d, had no great power of evocation. It was all sociable and slow, as was right and natural of a warm Sunday morning.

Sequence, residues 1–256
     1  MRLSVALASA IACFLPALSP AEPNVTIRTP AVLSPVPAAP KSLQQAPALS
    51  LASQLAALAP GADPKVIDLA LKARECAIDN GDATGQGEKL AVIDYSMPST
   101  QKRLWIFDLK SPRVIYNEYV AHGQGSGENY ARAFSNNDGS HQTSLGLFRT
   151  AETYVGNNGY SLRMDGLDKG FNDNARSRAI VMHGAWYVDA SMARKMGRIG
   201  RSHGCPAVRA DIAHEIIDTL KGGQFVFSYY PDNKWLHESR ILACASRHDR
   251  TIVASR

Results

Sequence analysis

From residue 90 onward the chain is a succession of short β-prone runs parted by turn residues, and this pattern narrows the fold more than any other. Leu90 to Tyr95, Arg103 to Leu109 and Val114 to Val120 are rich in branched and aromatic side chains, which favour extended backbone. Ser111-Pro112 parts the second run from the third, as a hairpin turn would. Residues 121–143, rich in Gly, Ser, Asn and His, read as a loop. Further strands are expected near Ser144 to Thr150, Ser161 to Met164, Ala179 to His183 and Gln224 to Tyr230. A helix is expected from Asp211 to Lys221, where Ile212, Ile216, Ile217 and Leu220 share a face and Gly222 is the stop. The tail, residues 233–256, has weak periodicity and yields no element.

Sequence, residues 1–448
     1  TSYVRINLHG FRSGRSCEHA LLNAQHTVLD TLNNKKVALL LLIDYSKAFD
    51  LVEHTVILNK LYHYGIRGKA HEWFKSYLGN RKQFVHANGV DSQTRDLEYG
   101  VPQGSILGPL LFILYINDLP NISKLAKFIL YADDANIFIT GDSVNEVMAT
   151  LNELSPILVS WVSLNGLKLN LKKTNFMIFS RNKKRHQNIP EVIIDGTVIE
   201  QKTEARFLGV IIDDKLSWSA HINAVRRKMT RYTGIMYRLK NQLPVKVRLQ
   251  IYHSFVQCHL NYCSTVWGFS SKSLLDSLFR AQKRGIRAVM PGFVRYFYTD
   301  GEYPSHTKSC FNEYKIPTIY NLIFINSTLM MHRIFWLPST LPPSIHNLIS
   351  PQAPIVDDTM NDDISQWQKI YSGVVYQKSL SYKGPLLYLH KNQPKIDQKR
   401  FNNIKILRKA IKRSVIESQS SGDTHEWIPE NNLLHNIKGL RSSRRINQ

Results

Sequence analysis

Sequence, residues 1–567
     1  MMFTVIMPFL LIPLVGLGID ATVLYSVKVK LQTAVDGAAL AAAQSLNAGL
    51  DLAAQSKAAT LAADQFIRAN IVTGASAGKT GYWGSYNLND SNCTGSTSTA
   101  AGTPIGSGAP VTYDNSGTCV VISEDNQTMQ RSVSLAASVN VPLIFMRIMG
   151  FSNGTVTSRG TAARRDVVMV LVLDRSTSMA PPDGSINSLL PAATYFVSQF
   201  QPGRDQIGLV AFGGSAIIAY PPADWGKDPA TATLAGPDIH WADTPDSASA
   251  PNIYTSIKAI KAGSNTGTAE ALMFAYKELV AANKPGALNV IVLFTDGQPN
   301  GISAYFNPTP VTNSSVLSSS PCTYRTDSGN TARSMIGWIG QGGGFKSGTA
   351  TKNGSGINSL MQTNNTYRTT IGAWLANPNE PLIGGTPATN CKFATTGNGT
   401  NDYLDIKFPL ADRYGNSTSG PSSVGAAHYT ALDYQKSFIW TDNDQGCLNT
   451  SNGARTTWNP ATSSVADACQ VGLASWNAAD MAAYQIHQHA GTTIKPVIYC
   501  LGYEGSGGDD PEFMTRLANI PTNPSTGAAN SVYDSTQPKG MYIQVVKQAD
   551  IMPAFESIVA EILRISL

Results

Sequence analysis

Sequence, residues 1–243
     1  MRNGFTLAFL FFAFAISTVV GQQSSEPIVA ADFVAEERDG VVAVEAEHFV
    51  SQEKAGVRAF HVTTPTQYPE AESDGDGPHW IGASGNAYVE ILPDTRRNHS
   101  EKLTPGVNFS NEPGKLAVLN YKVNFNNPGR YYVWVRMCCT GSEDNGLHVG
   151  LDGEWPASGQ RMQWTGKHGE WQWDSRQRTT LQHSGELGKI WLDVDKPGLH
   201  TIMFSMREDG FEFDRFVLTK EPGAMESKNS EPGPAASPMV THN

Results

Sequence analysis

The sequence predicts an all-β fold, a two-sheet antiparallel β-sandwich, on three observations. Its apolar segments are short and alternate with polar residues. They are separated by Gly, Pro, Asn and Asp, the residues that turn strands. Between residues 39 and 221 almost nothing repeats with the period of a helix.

His first attention was given to the question, privately considered, of whether one of the two younger men would be Henry St. George. He knew many of his distinguished contemporaries by their photographs, but had never, as happened, seen a portrait of the great misguided novelist. One of the gentlemen was unimaginable - he was too young; and the other scarcely looked clever enough, with such mild undiscriminating eyes. If those eyes were St. George's the problem, presented by the ill-matched parts of his genius would be still more difficult of solution. Besides, the deportment of their proprietor was not, as regards the lady in the red dress, such as could be natural, toward the wife of his bosom, even to a writer accused by several critics of sacrificing too much to manner. Lastly Paul Overt had a vague sense that if the gentleman with the expressionless eyes bore the name that had se
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